Clownfish and humbug [September 11]
Clownfish to the left of me, goatfish to the right, here I am, stuck in the middle of a stunning coral reef which may not survive.
I’m snorkelling off Lady Elliott Island, a coral cay at the southern tip of the Great Barrier Reef. Below are handbag-sized clams with luminescent green lips and black sea slugs frosted with sugary sand. Every imaginable dance move is going on around me – flicking, swaying, shimmying, darting – a hyperactive ballet troupe, except the dancers are all fish.
Come to think of it, this reef has all the art forms covered: the Rembrandt blue starfish, the Ballets Russes damselfish, the Stravinsky-esque percussion of a million tiny mouths nibbling on coral.
Even football gets a look-in. I nickname a little black and white guy the Collingwoodfish (it’s actually called a humbug). Later I will discover there is another one (I kid you not) called the Chinese footballer cod.
Back on the beach I watch a woman from our tour group trying to cajole her young son into snorkelling. He’s shaking his head and whimpering. There’s scratchy sand in his fins. “Don’t you realise,” I want to whisper urgently to him, “this could be your last chance!”
Mass bleaching has affected two thirds of the Great Barrier Reef in the last couple of years, killing huge quantities of coral. Climate change is a major factor. The southern part, including Lady Elliott Island, has sustained less damage than the north. But a local ranger tells us there was worrying bleaching here last summer, halted only by the cooler currents that came with Cyclone Debbie.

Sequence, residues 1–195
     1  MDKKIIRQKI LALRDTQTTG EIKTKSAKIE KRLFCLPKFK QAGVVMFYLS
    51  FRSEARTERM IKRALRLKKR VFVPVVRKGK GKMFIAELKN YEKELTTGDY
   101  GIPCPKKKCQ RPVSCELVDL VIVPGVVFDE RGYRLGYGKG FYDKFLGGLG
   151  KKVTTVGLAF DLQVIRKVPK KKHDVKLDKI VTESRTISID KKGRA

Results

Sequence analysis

Later our group bobs above the coral in a glass-bottomed boat. The boy who wouldn’t go snorkelling leans over the glass, spotting the fish and turtles mooching below us. With the encouragement of the ranger he pulls his goggles on and slides into the water.
Half an hour later the boy hauls himself back onto the boat, teeth chattering, eyes wide with the shock of pleasure. ‘I saw a manta ray!’ he tells us. ‘And Nemo!’
The Germans probably have a word for the grief you feel when you’ve not yet lost something, but suspect you soon will. As we fly back to the mainland over the endless blue, there are whales to the left of us, dolphins to the right. Here we are, stuck in the middle of paradise, and we’re running out of time.
For more info: ladyelliott.com.au
This column was first published by Fairfax on September 10th 2017.